StrayArt with Johnny Messum: The role of patronage


Last updated Dec 11, 2020

StrayArt is a monthly column written by Johnny Messum, Director and Founder of art gallery and centre, Messum’s Wiltshire, London and Harrogate. Johnny’s passion is for contemporary art and sculpture.

Each month he will look at art, exhibitions and events across Yorkshire and sometimes further afield with the aim of guiding and inspiring us.


We must all be patrons of the arts and that means taking part as well as supporting artists. There is a vital capacity to art that brings people together and I think we will see this become increasingly important as the high street and the reasons we find for getting together continue to be questioned and asked to adapt. At the core of this narrative is the relationship that the process of making creates between the maker and the viewer. Art is the greatest of story tellers and objects – however formed  – define  capacity of human beings to connect to each other through inanimate objects.

Our role as a gallery is to help artists with a platform on which to create, your role is to take part, whether going to visit, commenting on an artists page, buying works of art or joining in a conversation. Our face to face talks and now online talks with artists and makers allow people to connect with them and to understand what frames their thinking. They are hugely popular because we are fascinated by a fellow human being’s capabilities. Who knows you may find your own object of significance and discover an eco system of creativity that enriches your life in more ways than one.

Patronage as the name suggests is about more than collecting, it is about discerning input into the artist’s career.

A collection of art at Chatsworth House. Credit: Chatsworth House Trust

In Yorkshire there are many examples of discerning patrons – the great English painter JMW Turner found sympathetic patrons in two Yorkshire men – Walter Fawkes at Farnley Hall and Edward Lascelles at Harewood House – whose support and friendship fostered his creative genius. Edward Lascelles also enjoyed a special relationship with another great man, the extraordinary furniture maker Thomas Chippendale from Otley, who received the largest commission of his career furnishing the newly built Harewood House in 1767. The present Earl and Countess commission artists and craftsman today continuing the family tradition of supporting living artists, and in their Biennale focusing on Why Craft Matters Chippendale’s creations were juxtaposed with contemporary furniture, aware as they are that one generation of artists inspires the next.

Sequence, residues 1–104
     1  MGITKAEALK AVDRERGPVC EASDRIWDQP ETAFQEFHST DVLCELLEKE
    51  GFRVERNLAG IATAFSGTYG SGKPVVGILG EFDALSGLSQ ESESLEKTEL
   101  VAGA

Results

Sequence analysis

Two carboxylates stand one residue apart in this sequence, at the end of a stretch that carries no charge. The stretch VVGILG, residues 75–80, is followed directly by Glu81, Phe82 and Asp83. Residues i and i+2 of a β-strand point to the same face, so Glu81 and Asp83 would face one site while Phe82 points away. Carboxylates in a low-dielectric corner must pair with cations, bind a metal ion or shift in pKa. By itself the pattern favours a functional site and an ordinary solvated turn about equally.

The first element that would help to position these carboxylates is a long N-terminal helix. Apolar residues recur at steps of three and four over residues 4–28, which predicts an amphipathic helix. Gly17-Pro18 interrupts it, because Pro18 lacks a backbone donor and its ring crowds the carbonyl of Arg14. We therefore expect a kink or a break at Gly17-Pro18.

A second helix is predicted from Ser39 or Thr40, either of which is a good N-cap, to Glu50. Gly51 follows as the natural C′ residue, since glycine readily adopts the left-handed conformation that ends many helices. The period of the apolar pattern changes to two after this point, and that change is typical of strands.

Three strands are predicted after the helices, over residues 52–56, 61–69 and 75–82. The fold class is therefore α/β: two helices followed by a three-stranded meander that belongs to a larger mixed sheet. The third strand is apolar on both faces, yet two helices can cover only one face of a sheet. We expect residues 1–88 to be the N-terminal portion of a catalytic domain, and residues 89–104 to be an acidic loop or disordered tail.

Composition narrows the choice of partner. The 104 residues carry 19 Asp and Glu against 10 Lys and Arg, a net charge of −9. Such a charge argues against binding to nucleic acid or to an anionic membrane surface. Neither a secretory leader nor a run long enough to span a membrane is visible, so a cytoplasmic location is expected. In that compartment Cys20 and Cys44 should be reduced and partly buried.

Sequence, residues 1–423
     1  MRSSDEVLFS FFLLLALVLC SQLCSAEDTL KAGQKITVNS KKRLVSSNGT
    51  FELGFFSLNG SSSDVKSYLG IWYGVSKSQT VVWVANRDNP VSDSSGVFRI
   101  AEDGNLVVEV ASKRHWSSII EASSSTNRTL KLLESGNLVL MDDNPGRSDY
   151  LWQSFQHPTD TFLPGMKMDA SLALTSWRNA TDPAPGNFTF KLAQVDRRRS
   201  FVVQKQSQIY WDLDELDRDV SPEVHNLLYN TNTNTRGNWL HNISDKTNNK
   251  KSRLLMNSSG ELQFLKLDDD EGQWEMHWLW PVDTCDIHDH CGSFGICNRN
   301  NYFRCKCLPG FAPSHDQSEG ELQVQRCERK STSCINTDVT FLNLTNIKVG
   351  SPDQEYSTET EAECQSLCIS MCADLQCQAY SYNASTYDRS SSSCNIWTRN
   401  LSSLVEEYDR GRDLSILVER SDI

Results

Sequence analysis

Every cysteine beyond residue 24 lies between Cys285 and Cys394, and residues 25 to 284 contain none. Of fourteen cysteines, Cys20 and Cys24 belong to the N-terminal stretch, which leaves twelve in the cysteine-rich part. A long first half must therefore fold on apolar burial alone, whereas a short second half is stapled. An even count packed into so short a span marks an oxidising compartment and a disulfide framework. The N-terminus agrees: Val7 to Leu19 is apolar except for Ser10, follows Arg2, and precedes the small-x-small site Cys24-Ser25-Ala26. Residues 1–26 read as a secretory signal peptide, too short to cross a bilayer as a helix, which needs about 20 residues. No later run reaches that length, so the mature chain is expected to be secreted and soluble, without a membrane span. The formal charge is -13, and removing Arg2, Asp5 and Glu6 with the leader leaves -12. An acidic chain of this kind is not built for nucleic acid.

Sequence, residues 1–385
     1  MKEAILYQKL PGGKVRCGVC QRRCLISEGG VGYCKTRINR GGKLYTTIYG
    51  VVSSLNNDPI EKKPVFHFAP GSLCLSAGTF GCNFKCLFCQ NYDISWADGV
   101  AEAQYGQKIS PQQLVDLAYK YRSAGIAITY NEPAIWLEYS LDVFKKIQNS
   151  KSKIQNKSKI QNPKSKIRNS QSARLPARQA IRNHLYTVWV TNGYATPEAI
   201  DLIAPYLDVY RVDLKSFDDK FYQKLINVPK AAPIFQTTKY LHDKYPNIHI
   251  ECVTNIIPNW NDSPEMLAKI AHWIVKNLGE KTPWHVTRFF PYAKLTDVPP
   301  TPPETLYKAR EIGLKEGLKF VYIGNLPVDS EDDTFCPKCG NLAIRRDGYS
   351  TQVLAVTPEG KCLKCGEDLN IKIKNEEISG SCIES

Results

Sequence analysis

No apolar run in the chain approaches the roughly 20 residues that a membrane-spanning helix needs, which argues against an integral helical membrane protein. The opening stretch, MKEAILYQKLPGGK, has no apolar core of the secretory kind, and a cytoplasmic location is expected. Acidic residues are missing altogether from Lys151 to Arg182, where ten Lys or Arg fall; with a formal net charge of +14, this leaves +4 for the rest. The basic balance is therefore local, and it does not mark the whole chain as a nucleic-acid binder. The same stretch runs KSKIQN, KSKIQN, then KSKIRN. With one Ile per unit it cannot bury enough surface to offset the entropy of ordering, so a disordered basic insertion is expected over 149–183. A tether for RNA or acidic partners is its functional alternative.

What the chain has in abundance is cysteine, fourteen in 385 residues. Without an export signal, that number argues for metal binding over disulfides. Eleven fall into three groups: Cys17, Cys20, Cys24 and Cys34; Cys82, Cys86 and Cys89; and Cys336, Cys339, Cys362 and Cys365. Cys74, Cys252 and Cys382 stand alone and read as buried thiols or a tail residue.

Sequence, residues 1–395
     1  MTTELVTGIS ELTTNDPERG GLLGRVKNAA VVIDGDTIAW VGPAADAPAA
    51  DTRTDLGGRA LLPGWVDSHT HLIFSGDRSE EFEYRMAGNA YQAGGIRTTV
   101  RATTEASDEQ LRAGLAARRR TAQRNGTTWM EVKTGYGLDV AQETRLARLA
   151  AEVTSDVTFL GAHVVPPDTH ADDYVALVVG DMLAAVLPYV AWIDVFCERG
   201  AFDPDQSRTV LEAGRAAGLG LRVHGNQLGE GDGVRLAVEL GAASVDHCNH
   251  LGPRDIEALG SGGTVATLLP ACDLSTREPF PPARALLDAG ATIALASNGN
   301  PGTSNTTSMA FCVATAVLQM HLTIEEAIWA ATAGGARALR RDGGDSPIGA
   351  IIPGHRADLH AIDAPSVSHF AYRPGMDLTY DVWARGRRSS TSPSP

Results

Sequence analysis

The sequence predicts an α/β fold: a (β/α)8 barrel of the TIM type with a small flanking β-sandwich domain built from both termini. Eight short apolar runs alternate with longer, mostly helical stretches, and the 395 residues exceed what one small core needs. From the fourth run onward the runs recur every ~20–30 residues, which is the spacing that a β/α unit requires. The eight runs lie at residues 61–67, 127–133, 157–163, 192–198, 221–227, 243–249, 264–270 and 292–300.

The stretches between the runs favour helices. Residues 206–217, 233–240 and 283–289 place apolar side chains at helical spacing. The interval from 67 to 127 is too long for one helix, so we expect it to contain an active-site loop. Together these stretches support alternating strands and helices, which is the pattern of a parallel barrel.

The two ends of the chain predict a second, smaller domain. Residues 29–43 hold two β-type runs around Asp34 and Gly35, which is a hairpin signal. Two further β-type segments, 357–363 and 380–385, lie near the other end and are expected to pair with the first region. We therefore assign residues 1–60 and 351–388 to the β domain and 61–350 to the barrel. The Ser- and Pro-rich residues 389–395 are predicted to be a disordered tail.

As I drove back down to London passing through Derbyshire, I passed the sign for Chatsworth House, the seat of the Dukes of Devonshire, where 16 generations of the Cavendish family have collected contemporary art from Elizabethan times to now. The current Duke and Duchess continue the tradition today, and the potter Edmund de Vaal’s vessels are exhibited next to a garniture of Chinese vessels to demonstrate both continuity and difference.

When the current restrictions lift, and these great houses re-open I urge you to visit them and reflect on the many gifted men and women who thanks to the enlightened patronage of their owners have been able to shine and pay their bills and be an inspiration to the next generation of artists and craftsmen, and revitalise us as we look at what they have made.

As you open your parcels on 25 December and find that someone has chosen to give you a beautifully made piece, spare a thought for the person or people who made it, and the ideas, imagination, skills and sensibility that lie within it. Patronage or supporting the arts is not just for Dukes and Duchesses, it is for us all to help bring objects and moments of significance together when ever we choose a hand made piece over factory made items.

Next month I shall be talking about plein air painting, the artists, who like Monet and his fellow Impressionists choose to work primarily, not in their studios, but out of doors.

Messums Yorkshire, 4-6 James Street, Harrogate is open Thursdays to Saturdays from 10am – 5pm. The current exhibition of the leading landscape environmental artist Kurt Jackson continues until 2 January. Two new exhibitions of of Australian artists Daniel Agdag and Atong Atem open on 7 January.  The displays of glass artist Dante Marioni and artist Charles Poulsen continue to 30 January.

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